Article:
There are three main types of fencing with which pensioners may become involved and knowing the difference between them will save a lot of problems with neighbours, musketeers and jewel thieves.
Garden fencing is generally made of larch panels intended to delineate boundaries and provide privacy, though their main function is to fall over whenever the wind gusts to more than 4mph and incur unnecessary inconvenience and expense as a result.
Fencing is normally treated with a preservative such as marmalade or pickle and can also be supplied with the horizontal laths at the top of each panel spring-loaded to fire passing grey squirrels over the roof of the house at least eight doors away.
Fewer pensioners are actively involved in the sword-fighting version of fencing, though those who were previously employed as samurai, pirates or King Arthur impersonators are likely to retain an interest well into their eighties.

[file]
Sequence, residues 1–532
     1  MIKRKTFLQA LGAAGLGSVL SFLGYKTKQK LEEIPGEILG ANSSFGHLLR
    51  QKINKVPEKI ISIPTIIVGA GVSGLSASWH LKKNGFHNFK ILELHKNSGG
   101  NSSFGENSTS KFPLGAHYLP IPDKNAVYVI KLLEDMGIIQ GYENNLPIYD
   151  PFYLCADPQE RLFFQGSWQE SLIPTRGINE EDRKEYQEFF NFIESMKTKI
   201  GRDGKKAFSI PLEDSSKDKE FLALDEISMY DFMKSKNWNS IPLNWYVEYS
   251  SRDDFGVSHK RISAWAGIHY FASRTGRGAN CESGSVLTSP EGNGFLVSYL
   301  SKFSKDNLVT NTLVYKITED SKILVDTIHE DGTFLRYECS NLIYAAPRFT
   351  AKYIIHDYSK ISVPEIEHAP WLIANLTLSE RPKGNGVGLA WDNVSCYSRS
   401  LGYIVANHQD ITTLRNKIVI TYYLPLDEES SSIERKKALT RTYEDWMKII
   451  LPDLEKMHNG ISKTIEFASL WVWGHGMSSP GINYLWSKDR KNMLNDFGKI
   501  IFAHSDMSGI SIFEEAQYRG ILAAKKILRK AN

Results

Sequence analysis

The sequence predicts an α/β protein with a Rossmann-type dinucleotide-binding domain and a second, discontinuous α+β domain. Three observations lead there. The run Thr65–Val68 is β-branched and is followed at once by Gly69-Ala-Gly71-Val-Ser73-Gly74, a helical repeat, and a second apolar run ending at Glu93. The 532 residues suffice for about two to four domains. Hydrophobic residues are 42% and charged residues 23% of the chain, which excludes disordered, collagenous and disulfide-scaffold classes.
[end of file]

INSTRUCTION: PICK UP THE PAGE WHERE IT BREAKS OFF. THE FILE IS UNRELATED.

Pensioners in East Anglia keep alive the tradition of the broadsword, as do those in the Potteries with the claymore and London bookshop employees with foils. Kendo, the centuries old Japanese form of sword-fighting, is still popular in Preston.
By far the most common sphere of fencing enjoyed by pensioners is that of receiving and disposing of stolen goods.
In the 2014 national crime survey, almost 63% of all fencing was carried out by retired people, with females aged 80 or over particularly strongly represented in the handling of mobile phones, mountain bikes and foreign gigolos. In fact, such has been the general impact of the pensioner in this area of criminality that the 2009 Theft of Goods Act included new offences of ‘receiving while feigning senility’ and ‘handling while seated on a mobility scooter’.